Former Palm Beach County Commissioner Jess Santamaria joined with Inspector General John Carey this week to celebrate a big victory for “We, The People” in a recent ruling by Circuit Court Judge Catherine Brunson that municipalities must pay their share to fund the Palm Beach County Office of the Inspector General.
The ruling came after a long legal battle, and at a community forum meeting on Tuesday, April 21 at the original Wellington Mall, Santamaria proclaimed that the ruling was a crucial victory for honest government.
“One of the reasons that we are here tonight is for a celebration,” Santamaria said. “We won a three-year lawsuit that has been going on since 2011, which involved 15 municipalities who refused to cooperate with the Office of the Inspector General.”
The ruling was a major victory, he said.
“In 2009, the then-state attorney, Michael McAuliffe, assembled a grand jury to investigate different segments of the population — the business community, the elected officials, staff, civic leaders — to find out, if after three years, we were still ‘Corruption County,’” Santamaria said.
Twenty-one members of the community heard more than 30 witness testimonies, including an almost three-hour testimony by Santamaria. “The conclusion of the grand jury, in a 54-page report, said, ‘Yes, we are still Corruption County,’” he said, adding that the grand jury determined that it was imperative to start an Office of the Inspector General.
Eventually, with a positive public response, the seven county commissioners voted to begin the Office of Inspector General. The problem, which turned out to be critical, was that the method of financing the office was not written in the document, Santamaria explained.
The discussion, Santamaria said, always centered on following Miami-Dade’s example of charging the vendors — anyone who does business with the government — one quarter of one percent to fund the Office of the Inspector General.
“Somebody intentionally, or forgot, to put the one-fourth of a percent as part of the wording in the referendum,” he said, stressing that it was always said that the money would come through vendor fees and not taxes.
Fifteen cities filed a suit to stop the funding mechanism, and the office has been only half-funded and half staffed since 2011.
Six months ago, the lawsuit finally went to court, and Santamaria was one of the four chosen to testify. Brunson, presiding over the case, concluded that the cities were undermining the electorate by going against the will of the people, and that they were required to fund the OIG.
“That’s how we won our lawsuit, and that’s why we’re here tonight, to celebrate this victory, of ‘We, The People,’” Santamaria said, calling this the biggest victory of the people in the last 10 years.
Carey, the guest speaker at Tuesday’s meeting, agreed with Santamaria about the importance of the ruling.
“This is a victory,” Carey said. “I love that quote by Judge Brunson: ‘The people are the municipalities,’ not those elected officials who represent them. Elected representatives, just because they disagree with the vote of the people, can’t overturn the process by suing, and that was one of her main quotes to take away out of there.”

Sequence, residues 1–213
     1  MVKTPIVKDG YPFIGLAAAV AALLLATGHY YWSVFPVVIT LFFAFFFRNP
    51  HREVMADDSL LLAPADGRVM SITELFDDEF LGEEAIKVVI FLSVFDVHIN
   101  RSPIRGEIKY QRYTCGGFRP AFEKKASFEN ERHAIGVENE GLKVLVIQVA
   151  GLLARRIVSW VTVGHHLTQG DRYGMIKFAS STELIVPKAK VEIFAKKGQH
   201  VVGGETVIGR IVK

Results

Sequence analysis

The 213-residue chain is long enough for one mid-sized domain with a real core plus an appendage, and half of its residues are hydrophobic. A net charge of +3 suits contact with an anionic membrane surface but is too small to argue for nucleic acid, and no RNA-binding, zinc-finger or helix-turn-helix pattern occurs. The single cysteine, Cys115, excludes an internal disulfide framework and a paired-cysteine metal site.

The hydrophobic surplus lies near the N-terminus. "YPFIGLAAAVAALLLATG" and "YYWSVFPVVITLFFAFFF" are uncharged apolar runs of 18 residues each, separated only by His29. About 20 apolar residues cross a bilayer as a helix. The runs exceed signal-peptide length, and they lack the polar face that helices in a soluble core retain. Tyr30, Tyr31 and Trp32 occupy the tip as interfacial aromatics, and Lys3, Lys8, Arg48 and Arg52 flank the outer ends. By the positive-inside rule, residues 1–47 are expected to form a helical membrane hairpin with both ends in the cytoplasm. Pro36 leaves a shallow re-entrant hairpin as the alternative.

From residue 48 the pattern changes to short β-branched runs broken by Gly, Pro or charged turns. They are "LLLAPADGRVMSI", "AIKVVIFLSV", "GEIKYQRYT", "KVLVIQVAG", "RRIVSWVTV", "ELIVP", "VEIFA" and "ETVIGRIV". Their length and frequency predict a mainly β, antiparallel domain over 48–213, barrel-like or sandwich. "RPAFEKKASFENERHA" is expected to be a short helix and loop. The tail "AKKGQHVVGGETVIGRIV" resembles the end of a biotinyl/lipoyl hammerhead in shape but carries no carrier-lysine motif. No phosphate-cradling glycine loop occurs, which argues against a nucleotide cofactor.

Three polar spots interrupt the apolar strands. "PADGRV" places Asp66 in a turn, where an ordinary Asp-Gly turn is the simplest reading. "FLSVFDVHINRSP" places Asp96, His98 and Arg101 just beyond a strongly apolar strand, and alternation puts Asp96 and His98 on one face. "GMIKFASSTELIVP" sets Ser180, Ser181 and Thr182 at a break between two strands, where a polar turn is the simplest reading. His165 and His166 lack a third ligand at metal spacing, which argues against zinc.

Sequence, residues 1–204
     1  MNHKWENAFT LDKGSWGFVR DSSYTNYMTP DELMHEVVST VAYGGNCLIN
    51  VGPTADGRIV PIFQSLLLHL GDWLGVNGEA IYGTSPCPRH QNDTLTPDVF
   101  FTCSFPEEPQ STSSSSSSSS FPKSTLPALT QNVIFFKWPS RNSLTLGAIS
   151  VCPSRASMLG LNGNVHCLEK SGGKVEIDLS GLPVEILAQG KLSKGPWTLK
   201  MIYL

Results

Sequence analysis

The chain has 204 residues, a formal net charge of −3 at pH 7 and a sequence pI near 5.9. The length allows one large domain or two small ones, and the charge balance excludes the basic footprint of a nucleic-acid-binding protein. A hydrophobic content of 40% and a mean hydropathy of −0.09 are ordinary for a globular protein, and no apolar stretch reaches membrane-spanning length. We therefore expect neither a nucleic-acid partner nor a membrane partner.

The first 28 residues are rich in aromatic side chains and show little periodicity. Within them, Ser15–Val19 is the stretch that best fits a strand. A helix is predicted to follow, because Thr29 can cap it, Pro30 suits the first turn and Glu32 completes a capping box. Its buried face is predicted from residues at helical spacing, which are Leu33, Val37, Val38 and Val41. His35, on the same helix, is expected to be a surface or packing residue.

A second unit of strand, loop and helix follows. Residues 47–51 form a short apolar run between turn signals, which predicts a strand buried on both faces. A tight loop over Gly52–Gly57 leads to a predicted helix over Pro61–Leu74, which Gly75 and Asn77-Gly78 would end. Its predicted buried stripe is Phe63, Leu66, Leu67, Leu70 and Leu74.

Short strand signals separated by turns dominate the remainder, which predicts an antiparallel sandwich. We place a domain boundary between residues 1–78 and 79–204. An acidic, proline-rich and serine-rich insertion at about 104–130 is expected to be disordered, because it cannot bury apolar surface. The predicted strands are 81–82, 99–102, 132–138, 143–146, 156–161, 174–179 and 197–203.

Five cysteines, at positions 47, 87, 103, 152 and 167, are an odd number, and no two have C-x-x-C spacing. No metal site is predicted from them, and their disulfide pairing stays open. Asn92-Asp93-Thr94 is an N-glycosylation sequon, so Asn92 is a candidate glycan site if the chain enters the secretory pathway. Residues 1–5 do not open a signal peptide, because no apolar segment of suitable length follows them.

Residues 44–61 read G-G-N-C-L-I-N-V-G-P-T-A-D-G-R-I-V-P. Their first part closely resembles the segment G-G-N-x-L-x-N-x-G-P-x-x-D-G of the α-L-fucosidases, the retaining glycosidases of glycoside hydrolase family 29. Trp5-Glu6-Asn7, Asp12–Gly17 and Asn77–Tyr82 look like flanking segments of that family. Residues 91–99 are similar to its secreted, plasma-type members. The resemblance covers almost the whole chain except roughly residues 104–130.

The victory, Carey explained, is huge.
“What happened after the judge ruled in the case is that the cities came back to the judge and filed a motion for a rehearing,” Carey said, noting they asked for that on March 26.
On April 10, Brunson denied the rehearing.
“The cities now have 30 days from April 10… to appeal. If they don’t appeal within 30 days, it’s law,” Carey said. “If they don’t appeal by May 11, that becomes law and we can start funding. If they do appeal to a higher court, well, unfortunately, we need to move on to the next battle.”
The battle, he reminded the crowd, isn’t over yet, and is being fought with taxpayer dollars.
Originally, 15 municipalities filed suit. Wellington dropped out in 2012, and Delray Beach dropped out just recently after Brunson’s ruling. That leaves 13 cities, led by West Palm Beach.
“It’s all pretend… ‘Oh, we don’t have anything against the IG, we just don’t like the funding.’ They are deceiving you,” Santamaria said. “There was never, ever, any discussion of charging the taxpayer or charging the cities. The cities and the county were supposed to charge the vendors, the people who do business with the county. We never, ever talked about charging the cities.”
Santamaria called the municipalities hypocritical, with their pleas that they cannot afford the OIG. “One-fourth of one percent is nothing,” he said.
All of the commissioners voted to charge the vendors, Santamaria said, and he has fought diligently against misinformation through conversations, community forums, advertisements and more to inform the community about this battle for an office that keeps an eye on the government.
As Palm Beach County’s second inspector general, Carey is in his first year on the job.
“My job is to weed out fraud, waste and abuse,” Carey said. “I’m passionate about it. I’ve been doing it for years. I’ve been doing a pretty good job at it. I’ve put people in prison, I’ve made arrests; we’ve saved millions of dollars for the taxpayer. But I always like to remind folks, most people in government are really trying to do the best thing. What an IG can do is come beside them and help them do business better, more efficient and more effectively.”
From the end of June 2010 to the end of 2014, the OIG took in more than 6,200 phone calls, questioned more than $12 million in costs, identified approximately $1.8 million in costs, showing that there were $8.2 million in costs that were avoidable.
On Thursday, May 14 at 9 a.m., Carey will give a six-month status report to the Inspector General Committee. The meeting will be available for viewing on Channel 20.
ABOVE: Jess Santamaria gathers with friends and supporters Tuesday to toast the inspector general lawsuit victory.